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bureaucrats, regulation, laws, Idaho, illustration

The State of Idaho does something the federal government should emulate. The only state I can think of that has a popular candy bar named after it has a legislature that regularly nixes regulations made by the state’s executive branch.

Think of it as a line-item veto for the legislature.

Now, at this point, if you know the Constitution but not today’s “living Constitution,” you might wonder: Don’t legislatures write the regulations? Alas, at the federal level, as in most states, the legislative branch has granted to bureaucrats in the Executive Branch a great deal of leeway to cook up what sure feel like “laws.”

“Last year the Federal Register,” Wayne Hoffman explains in theWall Street Journal, “which publishes agency rules, proposals and notices, exceeded 80,260 pages — the third-highest in its history, according to a report from the Competitive Enterprise Institute.”

Idaho provides a good model for taking back such ceded legislative power.

Let’s remember the idea of “the several states” experimenting with new and old ideas separately, heralded in a famous phrase, “laboratories of democracy.”

This allows good practices to spread slowly throughout all the states . . . based on results.

Meanwhile, Mr. Hoffman informs us, Idaho’s practice is traditional, not hallowed in the state’s constitution. A 2014 referendum narrowly failed to get Idahoans to change the constitution to incorporate this “best practice” into explicit law — the legislature had not adequately explained the situation to the public first time around — Idaho solons are trying again.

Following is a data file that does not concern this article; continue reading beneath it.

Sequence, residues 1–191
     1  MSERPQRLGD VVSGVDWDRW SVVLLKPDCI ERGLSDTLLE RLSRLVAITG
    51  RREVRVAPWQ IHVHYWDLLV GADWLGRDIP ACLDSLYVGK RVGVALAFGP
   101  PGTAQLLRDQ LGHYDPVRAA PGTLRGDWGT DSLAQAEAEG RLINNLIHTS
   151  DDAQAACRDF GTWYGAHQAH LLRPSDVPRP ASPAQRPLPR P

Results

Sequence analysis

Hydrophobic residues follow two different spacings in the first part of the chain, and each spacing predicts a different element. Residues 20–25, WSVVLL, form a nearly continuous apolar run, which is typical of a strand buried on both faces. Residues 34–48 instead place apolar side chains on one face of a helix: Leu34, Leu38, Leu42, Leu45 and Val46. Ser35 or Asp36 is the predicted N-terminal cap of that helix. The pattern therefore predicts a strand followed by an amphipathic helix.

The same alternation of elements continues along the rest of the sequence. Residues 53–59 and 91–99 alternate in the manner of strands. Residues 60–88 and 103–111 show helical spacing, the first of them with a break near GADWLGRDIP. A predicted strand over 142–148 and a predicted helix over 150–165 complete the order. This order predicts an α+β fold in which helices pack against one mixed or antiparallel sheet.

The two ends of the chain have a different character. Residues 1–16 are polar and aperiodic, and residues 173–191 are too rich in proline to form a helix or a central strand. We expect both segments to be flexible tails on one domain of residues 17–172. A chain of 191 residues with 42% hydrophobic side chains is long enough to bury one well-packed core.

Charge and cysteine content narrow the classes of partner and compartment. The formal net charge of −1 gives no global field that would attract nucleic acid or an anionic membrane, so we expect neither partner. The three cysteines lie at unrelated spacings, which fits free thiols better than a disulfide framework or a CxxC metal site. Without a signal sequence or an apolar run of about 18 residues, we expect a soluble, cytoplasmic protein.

Make representatives responsible for regulations, and therefore more accountable.

This is Common Sense. I’m Paul Jacob.

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bureaucrats, regulation, laws, Idaho, illustration


Illustration: Golconda by René Magritte


By: CS Admin

1 Comment

  1. Some decades ago, the US Congress gave itself some ‘legislative veto’ power over regulation. This power was struck-down by th US Supreme Court, on the grounds that the power were not envisioned in the Constitution.

    Of course, regulatory bureaucracy was also not envisioned in the US Constitution, but this decision came in the days in which there was a mainstream-media hegemony, and tbe Republican Party was still the Me-too-but-Slower Party, so no one used the decision as the start of a more fundamental challenge.

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